Rituals in cases of sex abuse of children were 'not satanic'

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The Independent Online
CHILDREN were sexually abused in 'rituals' by perpetrators claiming to have spiritual powers to intimidate and silence victims, a conference on child abuse was told last week.

The cases were found by a government-funded investigation into allegations that children were sexually abused in satanic rites that included human sacrifice and cannibalism. The inquiry found no evidence to substantiate the satanic allegations in any of the 84 cases studied. But there was 'material evidence of rituals' in three cases of sexual abuse.

A report by Jean La Fontaine, emeritus professor of social anthropology at the London School of Economics, into the findings is due to be published by the Department of Health next month. The Independent on Sunday revealed last week that the inquiry concluded there was no evidence that satanic abuse exists.

The findings were presented for the first time in public at the child-abuse conference at Leeds University last week.

In her paper, Professor La Fontaine, an expert on child abuse and on cults, explained the difference between satanic and ritual abuse. 'Rites that allegedly include the torture and sexual abuse of children and adults, forced abortion and human sacrifice, cannibalism and bestiality may be labelled satanic or satanist,' she said. Sexual and physical abuse of children were part of rites directed to a magical or religious objective.

Ritual abuse applied to 'cases in which self-proclaimed mystical/magical powers were used to entrap children and impress them (and also adults) with a reason for the sexual abuse, keeping the victims compliant and ensuring their silence'. In these cases the ritual was secondary, and sexual abuse was the main objective.

The report does not identify the three 'ritual' abuse cases but the Independent on Sunday has obtained details from other sources. In each case the perpetrators were caught.

In January 1990, at Winchester Crown Court, Zoltan Edes, of Andover, Hampshire, admitted indecent assault and having unlawful sexual intercourse with a girl over a period of five years from when she was 11. Her father admitted aiding and abetting indecent assault.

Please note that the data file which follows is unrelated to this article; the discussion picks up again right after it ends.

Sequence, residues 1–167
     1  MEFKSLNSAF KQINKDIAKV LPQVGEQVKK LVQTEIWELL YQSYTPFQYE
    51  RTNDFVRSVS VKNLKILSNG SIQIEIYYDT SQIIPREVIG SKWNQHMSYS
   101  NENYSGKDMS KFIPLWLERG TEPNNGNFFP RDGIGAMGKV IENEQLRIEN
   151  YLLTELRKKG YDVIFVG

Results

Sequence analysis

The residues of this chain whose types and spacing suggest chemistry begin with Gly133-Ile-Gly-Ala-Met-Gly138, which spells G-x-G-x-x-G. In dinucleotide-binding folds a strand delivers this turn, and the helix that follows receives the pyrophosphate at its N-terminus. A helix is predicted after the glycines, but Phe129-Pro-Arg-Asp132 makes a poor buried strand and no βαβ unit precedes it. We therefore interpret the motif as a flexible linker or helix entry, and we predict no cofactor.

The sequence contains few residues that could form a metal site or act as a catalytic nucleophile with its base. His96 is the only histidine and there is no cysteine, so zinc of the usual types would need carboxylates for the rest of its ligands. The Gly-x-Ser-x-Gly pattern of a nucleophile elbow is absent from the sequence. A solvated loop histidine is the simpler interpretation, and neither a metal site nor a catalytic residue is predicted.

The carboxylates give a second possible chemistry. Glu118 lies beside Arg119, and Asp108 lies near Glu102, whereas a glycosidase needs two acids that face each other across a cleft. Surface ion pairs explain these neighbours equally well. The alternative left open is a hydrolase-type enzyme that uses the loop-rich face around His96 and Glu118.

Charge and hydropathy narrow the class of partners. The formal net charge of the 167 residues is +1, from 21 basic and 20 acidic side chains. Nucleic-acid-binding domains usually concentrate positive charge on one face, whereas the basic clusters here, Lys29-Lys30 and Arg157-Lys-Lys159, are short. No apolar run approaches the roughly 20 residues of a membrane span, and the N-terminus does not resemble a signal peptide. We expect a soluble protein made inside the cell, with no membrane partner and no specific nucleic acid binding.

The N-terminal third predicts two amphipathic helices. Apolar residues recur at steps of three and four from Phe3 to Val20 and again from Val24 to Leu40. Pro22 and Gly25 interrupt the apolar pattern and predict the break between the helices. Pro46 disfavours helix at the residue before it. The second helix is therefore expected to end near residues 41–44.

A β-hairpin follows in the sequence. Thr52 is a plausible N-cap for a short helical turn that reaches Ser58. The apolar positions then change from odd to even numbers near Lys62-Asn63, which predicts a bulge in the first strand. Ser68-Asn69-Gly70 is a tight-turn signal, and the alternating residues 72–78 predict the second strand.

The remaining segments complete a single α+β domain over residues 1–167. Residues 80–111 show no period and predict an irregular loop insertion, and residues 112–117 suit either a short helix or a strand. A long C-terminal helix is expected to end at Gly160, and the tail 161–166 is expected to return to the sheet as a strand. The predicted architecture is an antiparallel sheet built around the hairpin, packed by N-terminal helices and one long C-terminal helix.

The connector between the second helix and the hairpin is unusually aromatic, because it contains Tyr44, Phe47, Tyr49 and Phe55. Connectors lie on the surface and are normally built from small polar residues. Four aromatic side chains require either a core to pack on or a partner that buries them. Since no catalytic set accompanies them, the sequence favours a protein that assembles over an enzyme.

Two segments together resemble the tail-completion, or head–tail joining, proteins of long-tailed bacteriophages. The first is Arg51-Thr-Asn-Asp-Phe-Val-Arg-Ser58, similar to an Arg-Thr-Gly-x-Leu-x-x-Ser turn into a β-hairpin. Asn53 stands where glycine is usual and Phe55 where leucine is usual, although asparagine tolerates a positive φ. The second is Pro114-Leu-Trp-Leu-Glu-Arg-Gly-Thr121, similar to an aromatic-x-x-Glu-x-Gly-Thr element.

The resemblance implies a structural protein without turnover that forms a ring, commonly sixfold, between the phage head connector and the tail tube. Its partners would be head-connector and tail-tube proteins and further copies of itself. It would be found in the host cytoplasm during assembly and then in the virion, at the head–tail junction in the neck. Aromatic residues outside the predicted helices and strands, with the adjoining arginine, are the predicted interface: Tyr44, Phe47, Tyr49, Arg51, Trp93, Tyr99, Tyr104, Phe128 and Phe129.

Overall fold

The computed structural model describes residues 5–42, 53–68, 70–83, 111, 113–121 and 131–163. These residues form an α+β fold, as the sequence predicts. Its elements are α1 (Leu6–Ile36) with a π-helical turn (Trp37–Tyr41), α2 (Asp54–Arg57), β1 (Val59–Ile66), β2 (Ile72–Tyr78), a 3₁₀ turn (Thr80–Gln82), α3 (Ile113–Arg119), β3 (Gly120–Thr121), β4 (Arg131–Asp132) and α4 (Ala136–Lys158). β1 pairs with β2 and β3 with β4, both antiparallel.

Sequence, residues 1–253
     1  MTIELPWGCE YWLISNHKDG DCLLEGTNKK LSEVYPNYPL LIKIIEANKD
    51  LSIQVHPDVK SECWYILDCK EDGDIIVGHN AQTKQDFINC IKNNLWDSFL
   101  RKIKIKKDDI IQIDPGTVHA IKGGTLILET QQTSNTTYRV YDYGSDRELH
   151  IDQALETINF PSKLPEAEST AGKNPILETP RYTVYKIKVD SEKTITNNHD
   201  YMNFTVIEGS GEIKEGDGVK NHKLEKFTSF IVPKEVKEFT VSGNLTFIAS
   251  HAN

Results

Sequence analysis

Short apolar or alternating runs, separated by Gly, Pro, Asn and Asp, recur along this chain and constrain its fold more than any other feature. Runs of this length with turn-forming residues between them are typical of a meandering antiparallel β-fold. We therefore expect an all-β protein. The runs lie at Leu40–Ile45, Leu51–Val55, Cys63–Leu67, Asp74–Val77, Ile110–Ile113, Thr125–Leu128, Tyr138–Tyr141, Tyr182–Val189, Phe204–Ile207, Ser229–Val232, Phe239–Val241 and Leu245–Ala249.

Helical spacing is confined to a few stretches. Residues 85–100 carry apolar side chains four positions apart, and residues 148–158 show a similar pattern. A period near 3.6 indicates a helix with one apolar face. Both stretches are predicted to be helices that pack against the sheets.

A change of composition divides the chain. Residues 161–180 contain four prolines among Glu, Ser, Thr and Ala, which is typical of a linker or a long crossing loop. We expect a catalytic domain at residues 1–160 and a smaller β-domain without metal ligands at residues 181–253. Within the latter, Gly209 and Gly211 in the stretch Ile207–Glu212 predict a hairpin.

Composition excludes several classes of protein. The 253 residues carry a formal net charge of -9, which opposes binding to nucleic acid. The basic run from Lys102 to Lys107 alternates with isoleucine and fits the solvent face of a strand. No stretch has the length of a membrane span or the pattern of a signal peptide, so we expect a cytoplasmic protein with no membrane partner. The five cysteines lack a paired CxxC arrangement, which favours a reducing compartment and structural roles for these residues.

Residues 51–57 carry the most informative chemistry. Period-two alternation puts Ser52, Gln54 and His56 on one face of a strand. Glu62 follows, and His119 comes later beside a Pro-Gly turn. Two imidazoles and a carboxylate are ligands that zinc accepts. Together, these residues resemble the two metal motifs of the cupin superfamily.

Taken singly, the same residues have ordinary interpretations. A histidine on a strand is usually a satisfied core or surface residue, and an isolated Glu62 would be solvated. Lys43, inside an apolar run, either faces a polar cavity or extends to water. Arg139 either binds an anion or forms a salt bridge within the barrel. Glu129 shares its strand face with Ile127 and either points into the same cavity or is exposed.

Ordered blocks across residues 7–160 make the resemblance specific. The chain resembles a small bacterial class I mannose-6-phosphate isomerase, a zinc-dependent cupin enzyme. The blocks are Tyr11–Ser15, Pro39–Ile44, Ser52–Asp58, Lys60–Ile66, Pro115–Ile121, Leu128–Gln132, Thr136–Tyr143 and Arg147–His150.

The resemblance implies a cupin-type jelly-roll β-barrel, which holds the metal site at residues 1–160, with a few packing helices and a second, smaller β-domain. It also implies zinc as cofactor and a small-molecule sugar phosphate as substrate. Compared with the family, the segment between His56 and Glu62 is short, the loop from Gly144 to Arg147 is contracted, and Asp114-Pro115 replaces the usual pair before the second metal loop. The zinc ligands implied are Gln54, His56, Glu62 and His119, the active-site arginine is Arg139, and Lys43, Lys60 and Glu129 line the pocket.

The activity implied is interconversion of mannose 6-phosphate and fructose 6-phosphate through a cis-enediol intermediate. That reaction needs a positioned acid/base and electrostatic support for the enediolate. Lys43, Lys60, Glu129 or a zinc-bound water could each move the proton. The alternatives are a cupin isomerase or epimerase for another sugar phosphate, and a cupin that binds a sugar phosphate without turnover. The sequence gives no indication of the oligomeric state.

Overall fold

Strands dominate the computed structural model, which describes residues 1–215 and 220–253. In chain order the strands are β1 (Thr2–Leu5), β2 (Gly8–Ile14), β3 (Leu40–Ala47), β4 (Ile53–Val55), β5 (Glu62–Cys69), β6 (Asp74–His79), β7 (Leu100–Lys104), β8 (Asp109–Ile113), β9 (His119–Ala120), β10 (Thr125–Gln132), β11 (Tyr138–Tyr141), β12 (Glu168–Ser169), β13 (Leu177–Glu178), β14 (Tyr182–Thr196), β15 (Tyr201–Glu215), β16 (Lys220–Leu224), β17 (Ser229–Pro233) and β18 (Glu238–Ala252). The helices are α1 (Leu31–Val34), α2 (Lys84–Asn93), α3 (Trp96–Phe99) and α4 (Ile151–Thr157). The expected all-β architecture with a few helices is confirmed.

Edes, whose religion was a mixture of fantasy, prayers and Bible readings, convinced both father and daughter that he could fight evil with his powers. The 'rituals' concerned the father's conversion of a bedroom into 'the Purple Room' where Edes had sex with the daughter and performed what he called rituals which included making her lie across him so their bodies made the shape of the cross.

The girl was later quoted as saying: 'Because it was all normal crosses and readings from the Bible, I thought nothing could be wrong. We were not worshipping the devil or sacrificing chickens.'

In August 1989, at St Albans Crown Court, Peter McKenzie was jailed for 15 years after he admitted four rapes, four attempted rapes, 12 indecent assaults and four offences of unlawful sexual intercourse. In total he abused 13 girls, some as young as six.

McKenzie pretended he was a wizard and persuaded schoolgirls that if they had sex with him they could become witches in his 'magic circle' and would have special powers.

The judge and police said in court that McKenzie used occult dialogue as a pretence to ensnare children. He was not a satanist and did not call himself a satanist. Det Chief Insp Richard Pottinger said the ceremonies were 'purely a device to abuse young girls'.

In November 1982, at Northampton Crown Court, two couples were jailed for sexually abusing children and aiding and abetting abuse. Malcolm Smith, aged 28, called himself 'Lucifer' and described his wife and sister-in- law as handmaidens who persuaded the children they were being initiated into a black-magic ring. Smith, from Telford, was jailed for 14 years.

Desmond Fennell, prosecuting, said the black magic and devil worship were 'largely a subterfuge' to enableSmith to 'have his way with all these children'.

False memory syndrome:

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